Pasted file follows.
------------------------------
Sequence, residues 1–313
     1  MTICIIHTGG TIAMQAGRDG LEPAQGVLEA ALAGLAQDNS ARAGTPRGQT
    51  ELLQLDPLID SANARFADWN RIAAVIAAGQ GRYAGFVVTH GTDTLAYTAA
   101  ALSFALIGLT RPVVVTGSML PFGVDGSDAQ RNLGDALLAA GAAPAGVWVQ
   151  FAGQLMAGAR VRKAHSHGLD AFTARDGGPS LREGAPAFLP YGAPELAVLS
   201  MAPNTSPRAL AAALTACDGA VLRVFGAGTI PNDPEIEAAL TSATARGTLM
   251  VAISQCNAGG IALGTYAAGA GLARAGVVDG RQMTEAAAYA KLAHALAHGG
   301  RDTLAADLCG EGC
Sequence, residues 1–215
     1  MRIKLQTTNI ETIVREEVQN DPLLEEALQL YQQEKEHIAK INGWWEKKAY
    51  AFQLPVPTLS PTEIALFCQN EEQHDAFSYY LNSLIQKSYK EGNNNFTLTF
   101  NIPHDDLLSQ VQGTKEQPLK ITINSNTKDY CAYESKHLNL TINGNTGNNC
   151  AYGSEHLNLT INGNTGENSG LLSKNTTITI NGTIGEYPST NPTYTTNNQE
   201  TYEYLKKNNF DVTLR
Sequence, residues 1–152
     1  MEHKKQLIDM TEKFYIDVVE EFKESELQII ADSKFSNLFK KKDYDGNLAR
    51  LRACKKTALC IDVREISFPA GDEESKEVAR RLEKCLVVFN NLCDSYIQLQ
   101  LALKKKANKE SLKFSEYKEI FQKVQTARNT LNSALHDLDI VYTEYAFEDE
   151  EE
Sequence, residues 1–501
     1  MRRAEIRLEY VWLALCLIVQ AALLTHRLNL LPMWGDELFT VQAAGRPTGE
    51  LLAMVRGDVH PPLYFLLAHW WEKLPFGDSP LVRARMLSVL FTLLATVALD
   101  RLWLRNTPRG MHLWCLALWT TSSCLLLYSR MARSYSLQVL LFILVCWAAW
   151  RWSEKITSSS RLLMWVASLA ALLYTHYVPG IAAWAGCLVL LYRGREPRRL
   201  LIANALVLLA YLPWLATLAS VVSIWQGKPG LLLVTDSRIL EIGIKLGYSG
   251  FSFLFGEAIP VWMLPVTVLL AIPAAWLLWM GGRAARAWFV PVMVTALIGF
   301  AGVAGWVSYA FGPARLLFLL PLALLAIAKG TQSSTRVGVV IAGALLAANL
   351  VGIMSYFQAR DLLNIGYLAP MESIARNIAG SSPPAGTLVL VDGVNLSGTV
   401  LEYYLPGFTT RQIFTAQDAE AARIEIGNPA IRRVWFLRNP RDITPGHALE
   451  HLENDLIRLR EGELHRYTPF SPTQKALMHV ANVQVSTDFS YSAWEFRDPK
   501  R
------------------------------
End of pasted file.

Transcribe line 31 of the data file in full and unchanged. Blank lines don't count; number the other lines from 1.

   501  R